Written 28/2/2008. The tone is dismissive I know, but I defend what I wrote at the time. A nice little marker post, as I have just come full circle back to London after my four and a half years of living in Auckland.
Now I’ve lived and worked and studied here – sometimes all three at once – for 2 years and 7 months. So I feel somewhat of a residential tourist in the city, or a touristic resident, I answer to both. I feel at home and still feel the novelty of it all. I’m used to driving in the roads but am still shocked at the right turn rule. I like the culture but pine for other cities I like.
After returning from a whirlwind tour of Melbourne (a lot bigger, and a little more impressive…?) being asked by Melbournians on how I like Auckland, I feel a summary of my personal discoveries and conclusions of the place is in order. I feel like I know the place well yet still feel like my writings are only first impressions. I can only write how I feel and invite readers’ corrective opinion of comments wildly out of order.
Night life is down the Viaduct – horny teenagers with hair dripping with gel, shirts undone on skinny drunk guys, sometimes the girls too. The 20-somethings are overseas, you see, probably clubbing in London or something. K’road is the alternative night life, the cool side of town, but one is told to avoid the dodgy end, with bars with dodgy clientele, and all that illegal streetwalking and legal prostitution. But most Auckland University students just party cheaply in their expensive flats near to class, disturbing any middle class families who wanted to live peacefully in the city but now realise it’s not big enough for them as well.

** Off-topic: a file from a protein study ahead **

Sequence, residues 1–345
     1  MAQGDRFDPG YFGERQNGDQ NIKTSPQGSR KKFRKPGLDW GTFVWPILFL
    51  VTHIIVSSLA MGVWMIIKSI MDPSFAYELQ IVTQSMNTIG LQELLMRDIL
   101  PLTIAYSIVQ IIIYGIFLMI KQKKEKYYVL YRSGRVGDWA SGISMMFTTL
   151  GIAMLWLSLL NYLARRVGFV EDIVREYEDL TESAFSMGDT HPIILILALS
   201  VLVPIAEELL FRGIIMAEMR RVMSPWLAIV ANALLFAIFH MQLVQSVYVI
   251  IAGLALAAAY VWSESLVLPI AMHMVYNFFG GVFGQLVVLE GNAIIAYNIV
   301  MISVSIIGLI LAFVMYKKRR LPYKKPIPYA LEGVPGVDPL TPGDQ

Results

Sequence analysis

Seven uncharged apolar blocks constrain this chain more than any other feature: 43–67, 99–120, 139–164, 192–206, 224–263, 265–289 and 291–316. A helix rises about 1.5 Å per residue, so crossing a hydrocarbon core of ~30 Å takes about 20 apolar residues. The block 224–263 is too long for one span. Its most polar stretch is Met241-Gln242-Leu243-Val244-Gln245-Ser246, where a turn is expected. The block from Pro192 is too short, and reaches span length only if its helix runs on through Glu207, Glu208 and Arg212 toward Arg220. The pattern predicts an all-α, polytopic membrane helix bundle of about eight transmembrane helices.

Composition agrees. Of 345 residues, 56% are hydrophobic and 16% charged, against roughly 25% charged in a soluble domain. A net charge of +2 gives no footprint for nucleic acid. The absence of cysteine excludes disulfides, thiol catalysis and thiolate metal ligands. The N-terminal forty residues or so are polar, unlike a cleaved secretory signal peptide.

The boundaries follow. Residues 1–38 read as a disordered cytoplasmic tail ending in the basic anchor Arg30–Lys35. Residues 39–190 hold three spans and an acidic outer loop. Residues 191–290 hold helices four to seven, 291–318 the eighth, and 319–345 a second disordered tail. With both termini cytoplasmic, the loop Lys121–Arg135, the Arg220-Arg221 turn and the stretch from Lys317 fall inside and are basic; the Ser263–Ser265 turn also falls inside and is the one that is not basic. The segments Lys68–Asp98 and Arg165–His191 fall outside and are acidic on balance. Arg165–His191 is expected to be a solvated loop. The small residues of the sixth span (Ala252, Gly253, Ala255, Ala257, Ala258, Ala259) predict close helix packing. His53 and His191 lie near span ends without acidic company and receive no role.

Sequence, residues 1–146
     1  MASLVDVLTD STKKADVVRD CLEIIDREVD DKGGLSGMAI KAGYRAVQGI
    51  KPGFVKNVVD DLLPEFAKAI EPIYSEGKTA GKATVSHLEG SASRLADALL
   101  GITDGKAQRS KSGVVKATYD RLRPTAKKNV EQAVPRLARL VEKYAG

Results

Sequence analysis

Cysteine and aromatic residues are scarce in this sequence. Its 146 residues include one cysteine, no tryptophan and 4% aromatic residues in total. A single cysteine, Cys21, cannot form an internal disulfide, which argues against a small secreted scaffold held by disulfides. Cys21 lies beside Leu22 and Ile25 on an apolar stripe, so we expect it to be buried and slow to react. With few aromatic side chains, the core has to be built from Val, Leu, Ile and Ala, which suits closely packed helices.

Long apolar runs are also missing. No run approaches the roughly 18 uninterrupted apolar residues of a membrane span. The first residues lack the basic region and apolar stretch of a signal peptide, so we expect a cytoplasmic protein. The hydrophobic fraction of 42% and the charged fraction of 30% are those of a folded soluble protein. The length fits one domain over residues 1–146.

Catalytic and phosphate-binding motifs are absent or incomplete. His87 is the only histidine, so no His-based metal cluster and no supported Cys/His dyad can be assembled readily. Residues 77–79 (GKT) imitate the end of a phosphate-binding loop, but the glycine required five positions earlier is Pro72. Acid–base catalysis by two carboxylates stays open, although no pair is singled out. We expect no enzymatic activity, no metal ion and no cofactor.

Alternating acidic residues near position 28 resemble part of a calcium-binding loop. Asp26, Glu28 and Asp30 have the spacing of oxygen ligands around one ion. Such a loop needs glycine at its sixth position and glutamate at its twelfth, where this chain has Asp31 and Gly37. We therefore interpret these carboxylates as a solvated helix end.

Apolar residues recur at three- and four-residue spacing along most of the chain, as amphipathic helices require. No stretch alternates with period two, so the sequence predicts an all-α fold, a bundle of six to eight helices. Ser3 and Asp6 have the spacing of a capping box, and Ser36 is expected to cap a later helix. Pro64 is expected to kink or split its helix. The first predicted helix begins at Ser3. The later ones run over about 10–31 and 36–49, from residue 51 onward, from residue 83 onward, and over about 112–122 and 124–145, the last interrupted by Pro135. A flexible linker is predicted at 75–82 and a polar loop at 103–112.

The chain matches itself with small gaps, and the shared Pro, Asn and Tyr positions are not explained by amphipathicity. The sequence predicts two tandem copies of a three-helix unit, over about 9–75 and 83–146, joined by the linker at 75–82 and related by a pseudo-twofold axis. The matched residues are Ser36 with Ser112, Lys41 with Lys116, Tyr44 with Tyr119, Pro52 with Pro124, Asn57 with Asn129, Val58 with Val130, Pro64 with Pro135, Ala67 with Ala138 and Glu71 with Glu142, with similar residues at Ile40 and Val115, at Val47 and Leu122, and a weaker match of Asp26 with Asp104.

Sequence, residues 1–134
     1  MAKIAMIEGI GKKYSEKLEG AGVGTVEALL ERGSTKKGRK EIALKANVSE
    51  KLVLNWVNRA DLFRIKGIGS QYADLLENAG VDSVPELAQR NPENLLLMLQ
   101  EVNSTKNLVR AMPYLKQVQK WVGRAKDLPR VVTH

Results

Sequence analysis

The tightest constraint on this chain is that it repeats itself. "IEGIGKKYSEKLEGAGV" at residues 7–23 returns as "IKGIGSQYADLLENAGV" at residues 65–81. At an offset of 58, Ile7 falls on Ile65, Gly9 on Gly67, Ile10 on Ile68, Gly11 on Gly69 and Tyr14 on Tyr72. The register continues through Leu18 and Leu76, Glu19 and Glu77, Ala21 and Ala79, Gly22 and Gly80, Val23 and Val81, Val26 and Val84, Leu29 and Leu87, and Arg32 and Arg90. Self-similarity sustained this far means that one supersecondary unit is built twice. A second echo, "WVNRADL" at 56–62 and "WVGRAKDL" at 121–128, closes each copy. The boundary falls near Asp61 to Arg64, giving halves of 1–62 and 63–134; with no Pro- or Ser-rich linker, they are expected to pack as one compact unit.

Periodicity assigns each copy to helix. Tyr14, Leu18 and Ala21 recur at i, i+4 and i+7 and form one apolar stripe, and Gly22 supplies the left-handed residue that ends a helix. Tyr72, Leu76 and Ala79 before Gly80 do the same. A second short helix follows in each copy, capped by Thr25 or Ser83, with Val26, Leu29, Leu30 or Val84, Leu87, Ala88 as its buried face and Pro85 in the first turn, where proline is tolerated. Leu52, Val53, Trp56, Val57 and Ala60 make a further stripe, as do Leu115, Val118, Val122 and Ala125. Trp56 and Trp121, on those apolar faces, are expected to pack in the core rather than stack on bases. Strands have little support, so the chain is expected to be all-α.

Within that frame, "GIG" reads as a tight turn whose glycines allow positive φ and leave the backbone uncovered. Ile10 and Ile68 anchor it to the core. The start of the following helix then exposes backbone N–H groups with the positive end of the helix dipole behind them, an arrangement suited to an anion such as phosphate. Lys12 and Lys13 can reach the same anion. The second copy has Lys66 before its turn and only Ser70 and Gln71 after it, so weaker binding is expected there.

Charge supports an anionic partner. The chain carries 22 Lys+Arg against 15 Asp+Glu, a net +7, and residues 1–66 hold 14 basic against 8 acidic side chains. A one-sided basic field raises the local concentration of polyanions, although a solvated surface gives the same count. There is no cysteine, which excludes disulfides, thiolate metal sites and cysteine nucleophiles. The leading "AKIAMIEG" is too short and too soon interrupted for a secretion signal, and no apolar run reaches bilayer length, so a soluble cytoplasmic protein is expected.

The day is where Auckland thrives. Under the hot, oppressively humid summery sun of October – April, the lush and the pretty of nature seduces the eye while seeping under the skin in the form of cancer and giving all Aucklanders prematurely old skin. But when you get to the particularly nice and popular beaches of Mission Bay and St Helier’s, it’s worth it all. The sea is gleaming and the sand is soft, while the Movenpick parlour at Mission Bay renders all childhood memories of little ice cream vans quaintly redundant.
Another favourite in Auckland is Piha beach, but that’s a bit too far West, so I’ve only been driven there once. The black, volcanic rock-ish sand is also prone to burn the tootsies in the hottest part of the day. And the tidal waves are famous because they are dangerous for surfers and swimmers with sudden currents or undercurrents or maybe both. Never been in the water, actually. Wise move, I might not be alive otherwise. To get to this beach, the drive through Titirangi consists of sharp swerves through bushy cliff faces that drop precariously milimetres beyond the road. Not a drive for the light hearted. Hence… I’ve only been driven there once. But I did enjoy it there.